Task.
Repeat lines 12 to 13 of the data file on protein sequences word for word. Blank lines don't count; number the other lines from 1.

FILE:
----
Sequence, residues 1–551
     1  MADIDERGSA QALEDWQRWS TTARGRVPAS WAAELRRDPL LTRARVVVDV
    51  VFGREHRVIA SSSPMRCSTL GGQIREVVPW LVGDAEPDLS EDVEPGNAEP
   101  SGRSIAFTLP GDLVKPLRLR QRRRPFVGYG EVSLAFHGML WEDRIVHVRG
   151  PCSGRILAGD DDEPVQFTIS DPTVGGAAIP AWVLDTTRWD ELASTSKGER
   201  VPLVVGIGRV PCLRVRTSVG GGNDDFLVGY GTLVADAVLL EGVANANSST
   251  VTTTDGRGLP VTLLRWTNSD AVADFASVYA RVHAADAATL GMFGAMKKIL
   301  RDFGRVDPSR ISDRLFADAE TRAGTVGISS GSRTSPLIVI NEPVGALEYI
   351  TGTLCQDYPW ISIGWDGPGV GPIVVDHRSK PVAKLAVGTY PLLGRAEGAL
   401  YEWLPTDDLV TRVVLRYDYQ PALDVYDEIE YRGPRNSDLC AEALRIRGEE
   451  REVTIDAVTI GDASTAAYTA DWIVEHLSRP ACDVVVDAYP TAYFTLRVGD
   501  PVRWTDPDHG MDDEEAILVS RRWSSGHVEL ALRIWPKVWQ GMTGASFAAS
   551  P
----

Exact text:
   501  PVRWTDPDHG MDDEEAILVS RRWSSGHVEL ALRIWPKVWQ GMTGASFAAS
   551  P